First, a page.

She says the words that I longed for in my childhood years. Yet when I hear it now, it’s annoying and frustrating.

In my defense, I read on my phone and on my kindle. But I must admit, it is different than being able to turn physical pages and smell the scent the books radiate.

I still value my books. I hated it when people folded the corners of the pages as a bookmark. I felt like and still feel like that ruins the books. But writing in the margins and highlighting a quote I really liked was not rare. I also know for a fact that other people did that, too. I enjoyed going back and reading the highlighted lines afterwards.

But to be totally honest, I practiced my highlighting skills to do so–my underlining skills as well. I wanted my book to have neat marks. My highlighting skills are still pretty on point.

My parents barely bought me any books because I usually finished a book in less than 3 hours no matter how long. We would have had to spend so much money on books if they bought me books in general. Because of this, I read most of the chapter books in the elementary library and when I walk through the middle and high school library, I usually see a book I have read wherever I go.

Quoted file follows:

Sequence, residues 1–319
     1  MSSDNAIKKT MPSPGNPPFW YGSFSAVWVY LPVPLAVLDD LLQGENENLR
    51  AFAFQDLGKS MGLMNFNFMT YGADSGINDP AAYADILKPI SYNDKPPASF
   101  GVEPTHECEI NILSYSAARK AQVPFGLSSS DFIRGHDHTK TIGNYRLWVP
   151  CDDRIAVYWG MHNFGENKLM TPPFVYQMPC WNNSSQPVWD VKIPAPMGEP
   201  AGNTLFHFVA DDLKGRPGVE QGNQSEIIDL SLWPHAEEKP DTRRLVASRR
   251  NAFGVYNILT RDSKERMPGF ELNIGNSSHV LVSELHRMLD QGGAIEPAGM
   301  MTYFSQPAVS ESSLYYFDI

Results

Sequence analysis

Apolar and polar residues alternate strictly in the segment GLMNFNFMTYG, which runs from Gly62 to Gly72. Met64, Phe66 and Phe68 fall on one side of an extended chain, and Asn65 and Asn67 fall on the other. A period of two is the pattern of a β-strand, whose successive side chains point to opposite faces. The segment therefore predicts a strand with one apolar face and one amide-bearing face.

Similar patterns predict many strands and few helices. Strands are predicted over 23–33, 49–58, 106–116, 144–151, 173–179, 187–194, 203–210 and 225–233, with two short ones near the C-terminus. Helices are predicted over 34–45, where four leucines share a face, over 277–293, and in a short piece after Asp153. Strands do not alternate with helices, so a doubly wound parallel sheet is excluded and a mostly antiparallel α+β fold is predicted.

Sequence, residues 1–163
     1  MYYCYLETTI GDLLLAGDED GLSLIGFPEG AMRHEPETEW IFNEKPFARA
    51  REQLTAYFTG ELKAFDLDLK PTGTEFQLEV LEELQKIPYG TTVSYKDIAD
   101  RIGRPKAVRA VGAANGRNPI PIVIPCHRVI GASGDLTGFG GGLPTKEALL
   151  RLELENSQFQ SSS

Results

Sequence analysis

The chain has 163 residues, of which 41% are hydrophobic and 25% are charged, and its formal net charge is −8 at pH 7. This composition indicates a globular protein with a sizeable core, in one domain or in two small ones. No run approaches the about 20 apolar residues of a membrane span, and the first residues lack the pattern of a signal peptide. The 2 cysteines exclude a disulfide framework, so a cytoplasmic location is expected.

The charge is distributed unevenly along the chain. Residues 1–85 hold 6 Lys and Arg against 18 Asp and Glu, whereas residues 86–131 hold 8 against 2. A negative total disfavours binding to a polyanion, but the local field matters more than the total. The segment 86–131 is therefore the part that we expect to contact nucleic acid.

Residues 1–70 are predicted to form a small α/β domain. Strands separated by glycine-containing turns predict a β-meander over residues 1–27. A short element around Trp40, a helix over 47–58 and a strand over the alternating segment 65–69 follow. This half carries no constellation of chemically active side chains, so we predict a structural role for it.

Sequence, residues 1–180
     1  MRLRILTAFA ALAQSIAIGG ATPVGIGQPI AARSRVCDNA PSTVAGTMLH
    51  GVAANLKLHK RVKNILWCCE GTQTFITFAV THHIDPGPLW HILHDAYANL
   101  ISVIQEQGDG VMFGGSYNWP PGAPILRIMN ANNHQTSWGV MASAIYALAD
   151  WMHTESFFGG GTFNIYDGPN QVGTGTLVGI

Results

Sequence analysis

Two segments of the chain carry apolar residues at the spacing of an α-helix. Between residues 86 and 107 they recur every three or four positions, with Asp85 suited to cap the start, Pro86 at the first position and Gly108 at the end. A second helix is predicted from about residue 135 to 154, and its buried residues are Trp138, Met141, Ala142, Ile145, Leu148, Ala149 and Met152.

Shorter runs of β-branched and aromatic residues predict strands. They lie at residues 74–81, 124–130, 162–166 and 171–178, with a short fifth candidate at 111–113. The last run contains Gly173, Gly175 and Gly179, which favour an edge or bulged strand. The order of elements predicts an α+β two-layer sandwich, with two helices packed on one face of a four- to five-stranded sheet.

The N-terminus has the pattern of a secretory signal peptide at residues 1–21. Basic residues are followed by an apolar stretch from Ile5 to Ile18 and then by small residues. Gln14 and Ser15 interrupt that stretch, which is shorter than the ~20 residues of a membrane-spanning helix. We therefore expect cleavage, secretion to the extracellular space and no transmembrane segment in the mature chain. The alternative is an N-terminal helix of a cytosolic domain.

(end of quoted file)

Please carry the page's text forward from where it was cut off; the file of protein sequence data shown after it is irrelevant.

The downside of that was that I couldn’t highlight any of the books. But I still managed to write down a few lines I really liked from the book. One I have up on my wall are the last few words of the whole Divergent series: “Since I was young, I have always known this: Life damages us, every one. We can’t escape that damage. But now, I am also learning this: We can be mended. We mend each other.” It doesn’t mean I liked the ending; I just really liked the quote.

What kind of reader do I want to be? I need to become more of a reader now. I need to have a book in my hand instead of my phone. I need to let myself be engulfed by the book once again.

Word of the Day: tsundoku
(n.) buying books and not reading them; letting books pile up unread on shelves or floors of nightstands.